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Publication numberUS6500340 B1
Publication typeGrant
Application numberUS 09/578,931
Publication dateDec 31, 2002
Filing dateMay 25, 2000
Priority dateJul 20, 1998
Fee statusPaid
Also published asCA2379382A1, CA2379382C, EP1204606A1, WO2001005714A1
Publication number09578931, 578931, US 6500340 B1, US 6500340B1, US-B1-6500340, US6500340 B1, US6500340B1
InventorsDennis A. Burke
Original AssigneeWestern Environmental Engineering Company
Export CitationBiBTeX, EndNote, RefMan
External Links: USPTO, USPTO Assignment, Espacenet
Pasteurizing sludge to exceptional quality
US 6500340 B1
Abstract
An anaerobic process in accordance with the present invention includes the step of digesting an organic substrate in a first anaerobic reactor to provide reactor contents comprising solids and liquid products of digestion. The process also includes a step of removing a portion of the reactor contents, and a step of pasteurizing all or part of the removed reactor contents by direct contact with a hot or inhibitory fluid to cause pathogen destruction. The fluid may be in a gaseous or liquid phase and the fluid may have inhibitory effects which causes the organisms to undergo lysis.
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Claims(46)
The embodiments of the invention in which an exclusive property or privilege is claimed are defined as follows:
1. An anaerobic process for digesting organic substrates comprising;
digesting an organic substrate in a first anaerobic reactor to provide reactor contents comprising solids and liquid products of digestion;
removing a portion of the reactor contents;
concentrating removed reactor contents by separating liquids;
returning concentrated reactor contents to the first anaerobic reactor;
pasteurizing leftover concentrated reactor contents by direct contact with a fluid; and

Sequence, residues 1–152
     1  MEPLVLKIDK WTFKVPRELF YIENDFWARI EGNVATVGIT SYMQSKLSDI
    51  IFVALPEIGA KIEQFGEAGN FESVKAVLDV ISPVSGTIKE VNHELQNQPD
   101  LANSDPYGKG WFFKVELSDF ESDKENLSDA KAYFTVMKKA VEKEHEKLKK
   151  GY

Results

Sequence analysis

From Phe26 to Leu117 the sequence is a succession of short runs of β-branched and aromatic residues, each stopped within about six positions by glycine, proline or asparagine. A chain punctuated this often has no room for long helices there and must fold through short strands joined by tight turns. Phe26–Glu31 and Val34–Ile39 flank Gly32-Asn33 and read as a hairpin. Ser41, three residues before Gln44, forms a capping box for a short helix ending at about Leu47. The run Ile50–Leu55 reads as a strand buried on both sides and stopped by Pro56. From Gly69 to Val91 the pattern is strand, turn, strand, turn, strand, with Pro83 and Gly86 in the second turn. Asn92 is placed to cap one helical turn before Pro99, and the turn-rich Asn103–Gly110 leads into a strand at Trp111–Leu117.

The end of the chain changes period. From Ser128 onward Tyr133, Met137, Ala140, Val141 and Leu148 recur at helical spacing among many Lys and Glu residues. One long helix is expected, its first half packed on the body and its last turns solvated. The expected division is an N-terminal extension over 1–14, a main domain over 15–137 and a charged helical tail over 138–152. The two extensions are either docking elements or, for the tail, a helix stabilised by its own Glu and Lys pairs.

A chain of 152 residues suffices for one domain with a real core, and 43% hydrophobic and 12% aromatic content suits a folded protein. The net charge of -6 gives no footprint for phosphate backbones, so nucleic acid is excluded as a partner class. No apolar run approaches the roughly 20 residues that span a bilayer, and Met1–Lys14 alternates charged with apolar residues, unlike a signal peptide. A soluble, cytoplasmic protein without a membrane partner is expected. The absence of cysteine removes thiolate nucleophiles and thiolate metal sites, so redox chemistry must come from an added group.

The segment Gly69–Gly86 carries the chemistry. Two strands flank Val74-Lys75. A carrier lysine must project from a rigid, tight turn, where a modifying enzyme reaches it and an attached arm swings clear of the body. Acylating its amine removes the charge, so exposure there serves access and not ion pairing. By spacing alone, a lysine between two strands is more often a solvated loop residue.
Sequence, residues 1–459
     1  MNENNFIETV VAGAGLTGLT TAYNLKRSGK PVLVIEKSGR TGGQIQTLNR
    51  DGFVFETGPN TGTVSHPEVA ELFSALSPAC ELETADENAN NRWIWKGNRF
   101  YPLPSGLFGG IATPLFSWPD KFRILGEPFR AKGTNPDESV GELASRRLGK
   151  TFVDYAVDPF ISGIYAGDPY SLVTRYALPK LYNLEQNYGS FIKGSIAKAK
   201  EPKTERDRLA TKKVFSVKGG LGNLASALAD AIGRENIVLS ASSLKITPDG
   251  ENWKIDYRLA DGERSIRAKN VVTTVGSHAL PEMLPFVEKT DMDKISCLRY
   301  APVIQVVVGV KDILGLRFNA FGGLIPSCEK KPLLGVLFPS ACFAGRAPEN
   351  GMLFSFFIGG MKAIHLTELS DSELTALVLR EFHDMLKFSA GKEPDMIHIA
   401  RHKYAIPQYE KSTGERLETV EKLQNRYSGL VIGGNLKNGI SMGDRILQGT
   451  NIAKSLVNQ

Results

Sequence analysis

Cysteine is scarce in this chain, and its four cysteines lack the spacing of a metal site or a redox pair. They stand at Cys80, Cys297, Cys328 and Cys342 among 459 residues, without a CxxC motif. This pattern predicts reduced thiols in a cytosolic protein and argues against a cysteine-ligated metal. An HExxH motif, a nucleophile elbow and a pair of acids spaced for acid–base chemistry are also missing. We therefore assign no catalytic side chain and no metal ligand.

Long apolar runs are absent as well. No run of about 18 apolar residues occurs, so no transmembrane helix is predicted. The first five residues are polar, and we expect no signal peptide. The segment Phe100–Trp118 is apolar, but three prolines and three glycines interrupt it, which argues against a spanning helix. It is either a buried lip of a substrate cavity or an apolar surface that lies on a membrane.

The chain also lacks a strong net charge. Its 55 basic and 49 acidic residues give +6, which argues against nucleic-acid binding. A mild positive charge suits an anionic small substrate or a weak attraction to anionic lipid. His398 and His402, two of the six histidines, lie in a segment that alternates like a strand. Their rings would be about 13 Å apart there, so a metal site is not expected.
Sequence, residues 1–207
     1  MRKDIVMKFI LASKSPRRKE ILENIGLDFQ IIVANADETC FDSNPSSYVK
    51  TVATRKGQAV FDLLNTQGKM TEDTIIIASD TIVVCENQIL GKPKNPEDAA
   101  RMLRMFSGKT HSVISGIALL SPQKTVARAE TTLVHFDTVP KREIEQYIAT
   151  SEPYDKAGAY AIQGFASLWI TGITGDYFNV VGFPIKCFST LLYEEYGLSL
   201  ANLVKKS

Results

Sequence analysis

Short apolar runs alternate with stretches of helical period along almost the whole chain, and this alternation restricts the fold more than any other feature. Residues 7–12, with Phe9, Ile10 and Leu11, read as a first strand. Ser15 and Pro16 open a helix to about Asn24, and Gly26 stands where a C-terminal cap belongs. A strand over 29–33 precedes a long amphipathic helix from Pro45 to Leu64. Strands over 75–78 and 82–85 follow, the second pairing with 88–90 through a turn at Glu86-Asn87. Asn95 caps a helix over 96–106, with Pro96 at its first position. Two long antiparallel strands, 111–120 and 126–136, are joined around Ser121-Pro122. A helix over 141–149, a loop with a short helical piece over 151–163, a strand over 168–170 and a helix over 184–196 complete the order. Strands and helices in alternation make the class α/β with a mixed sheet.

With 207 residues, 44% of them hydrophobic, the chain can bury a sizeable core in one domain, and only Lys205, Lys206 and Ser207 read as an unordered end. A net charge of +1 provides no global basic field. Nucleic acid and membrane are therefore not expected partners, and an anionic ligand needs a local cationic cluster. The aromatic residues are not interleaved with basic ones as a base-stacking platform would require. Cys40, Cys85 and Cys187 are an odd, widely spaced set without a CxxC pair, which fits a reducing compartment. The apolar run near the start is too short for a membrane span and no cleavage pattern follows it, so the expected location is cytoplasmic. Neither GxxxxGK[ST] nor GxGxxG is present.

digesting all or part of the leftover concentrated reactor contents that underwent pasteurization in a second anaerobic reactor.
2. The process of claim 1, wherein the fluid comprises a gaseous phase.
3. The process of claim 2, wherein the gaseous phase is air, nitrogen, oxygen, methane, ammonia, hydrogen, carbon dioxide, hydrogen sulfide, ozone or biogas.
4. The process of claim 1, wherein the fluid comprises a liquid phase.
5. The process of claim 4, wherein the liquid phase is water.
6. The process of claim 1, wherein the fluid dilutes the leftover concentrated reactor contents to a solids concentration less than about 6 percent by weight.
7. The process of claim 1, wherein chemical disinfectants are added to the fluid to improve pasteurization.
8. The process of claim 1, further comprising the step of removing inorganic or organic refractory solids from the first anaerobic reactor.
9. The process of claim 8, further comprising the step of discharging removed inorganic or organic refractory solids.
10. The process of claim 8, wherein all or part of the removed inorganic or organic refractory solids from the first anaerobic reactor are pasteurized subsequent to their removal from the first anaerobic reactor.
11. The process of claim 1, wherein the first anaerobic reactor comprises a fixed film, sludge bed, sludge blanket, completely mixed, plug flow, phase separated, staged, carrier assisted, batch, or sequencing batch anaerobic reactor.
12. The process of claim 11, wherein the first anaerobic reactor is operated at mesophilic, thermophilic, or psychrophilic temperatures.
13. The process of claim 1, wherein the second anaerobic reactor comprises a fixed film, sludge bed, sludge blanket, completely mixed, plug flow, phase separated, staged, carrier assisted, batch, or sequencing batch anaerobic reactor.